Learning to live in the presence of anxiety is not easy. My first experience of debilitating anxiety started in my early twenties when I had my first panic attack. I was in school, away from home, in an entirely new environment when they struck from what seemed to be out of the blue. I could have up to 4 or 5 panic attacks a day. I remember distinctly not being sure if I would be able to get through the day let alone successfully through two more years of school.
My days were spent trying to convince myself that I was not dying of some obscure disease and my evenings were not much better. I kept the lights and television on all night for comfort, watching Field of Dreams over and over in a desperate attempt to reassure myself. The familiarity of Kevin Costner’s voice helped me hold on, reassuring me that I was still alive and breathing despite my brain and body insisting otherwise. This lasted for a few months and when my panic attacks finally subsided, I was desperately glad they were no longer my constant companion.
My second round with panic disorder came around 10 years later. What I learned then was that although I had been living with chronically high anxiety most of my life, I had adapted to that level of stress and it often went unrecognized. But the panic attacks could not be ignored and leveled me in a way that demanded my full attention. It was typically a physical illness that precipitated my anxiety crossing over that threshold into the “I can’t live with this anymore” territory. As a child I had been hospitalized multiple times and the trauma from my early medical history played a pivotal role in the onset of my panic attacks.
This time was different though. They did not just simply disappear after only a few months and wishing them away could no longer be considered a particularly effective coping strategy. They were here to stay, at least for the time being, so I would have to find another way. My felt sense at the time was that I was continually fighting myself, feeling so much frustration alongside my fear, and my constant anger at the universe for the general unfairness of it all was exhausting. I knew it was time for a different approach.
I had recently completed a training in a therapy modality that utilized mindfulness and was fundamental in its principles. Mindfulness is the ability to pay attention and be aware in the present moment in a non-judgmental way. I began to imagine what it might look like if I could incorporate more mindfulness at the very time I was experiencing my anxiety. This required me to totally reconsider my approach, which had largely been one of avoidance. Now I was asking myself to face the monster head on. Could I really have a different relationship with the anxiety that plagued me?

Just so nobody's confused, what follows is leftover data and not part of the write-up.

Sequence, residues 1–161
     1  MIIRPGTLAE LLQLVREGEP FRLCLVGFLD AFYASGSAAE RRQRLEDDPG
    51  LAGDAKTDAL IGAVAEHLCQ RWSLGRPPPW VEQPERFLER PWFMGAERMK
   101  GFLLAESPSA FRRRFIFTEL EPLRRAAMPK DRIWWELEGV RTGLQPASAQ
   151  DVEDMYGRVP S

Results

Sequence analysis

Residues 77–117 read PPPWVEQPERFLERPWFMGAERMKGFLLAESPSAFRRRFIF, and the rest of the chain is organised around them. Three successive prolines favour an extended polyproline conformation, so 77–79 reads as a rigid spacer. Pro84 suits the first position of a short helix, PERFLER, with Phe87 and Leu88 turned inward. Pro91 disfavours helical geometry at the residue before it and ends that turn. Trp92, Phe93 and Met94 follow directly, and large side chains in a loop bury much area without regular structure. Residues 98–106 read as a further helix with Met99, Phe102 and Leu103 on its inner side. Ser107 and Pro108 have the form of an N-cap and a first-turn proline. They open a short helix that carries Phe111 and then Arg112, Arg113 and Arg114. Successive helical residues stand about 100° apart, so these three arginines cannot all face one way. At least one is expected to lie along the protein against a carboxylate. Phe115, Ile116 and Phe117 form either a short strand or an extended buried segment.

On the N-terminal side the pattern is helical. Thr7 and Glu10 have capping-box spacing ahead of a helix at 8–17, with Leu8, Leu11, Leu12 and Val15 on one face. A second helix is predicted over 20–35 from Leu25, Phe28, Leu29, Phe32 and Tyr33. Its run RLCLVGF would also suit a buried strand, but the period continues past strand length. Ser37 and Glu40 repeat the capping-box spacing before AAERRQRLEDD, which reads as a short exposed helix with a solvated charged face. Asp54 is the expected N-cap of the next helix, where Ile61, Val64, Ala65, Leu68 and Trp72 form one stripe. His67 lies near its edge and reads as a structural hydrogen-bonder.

Looking back, I think maybe the most difficult part was figuring out how to slow down and let go of my habitual pattern of running away from my heightened emotional states which were understandably frightening to me. I began to ask myself if there was something I could learn by befriending my anxiety. My first few attempts at this were not ideal. On one particularly challenging night I remember having to go into the bathroom, look at myself in the mirror and tell myself that I was going to be okay and that I would get up in the morning and things would feel different…that I would feel better. And when I woke in the morning they did.
So started my slow evolution to open the lines of communication with those places of intense fear and anxiety. The first step in cultivating mindfulness for me involved finding a steadfast commitment to compassion and kindness for myself. That meant addressing a lifelong pattern of self-judgment and shame. It was a lot of work. Those critical voices I had internalized were so much a part of my inner dialogue that it required a great deal of my conscious attention to notice when they would show up. They had somehow become the background noise in my life. When these voices would come, and they always did, I began to find a way to gently but firmly tell them it was Enough. We had lived with the harsh and unforgiving for far too long and it was my job to help forge a new path.
When anxiety and panic would return and wash over me yet again, there emerged a new voice to comfort those fears. I would imagine talking to myself in a way a loving parent would soothe a frightened child. My new religion became one of softness with a healthy dose of compassion and kindness. In a way, I suppose I was re-parenting myself. Instead of denying, avoiding or excising my fears I found a way instead to increase my capacity to hold close my most difficult places, singing them lullabies and whispering words of encouragement.
When I was finally able to redirect my efforts from trying to banish my anxiety and instead focus on creating more spaciousness within myself to hold what was so uncomfortable and frightening, well, everything changed. Not really the anxiety so much, that is still there at times. But what did change was the new sweetness that came from learning to lovingly hold my fears and my ability to offer unconditional support to the places that needed it most. I wasn’t alone anymore. I could trust the love would be there for me in my darkest hours and that made it softer and somehow more bearable.
As a mother, I know this to be true with watching my own children. I couldn’t always fix the cuts and scrapes or the break-ups and losses, but the magic of holding them close and letting them know I was always there, assuring them everything was going to be okay transformed the sharp edges of their fears somehow. And so, I too, came to believe that the healing only came when I learned to embrace my anxiety and offer it the connection and support it too had been waiting for.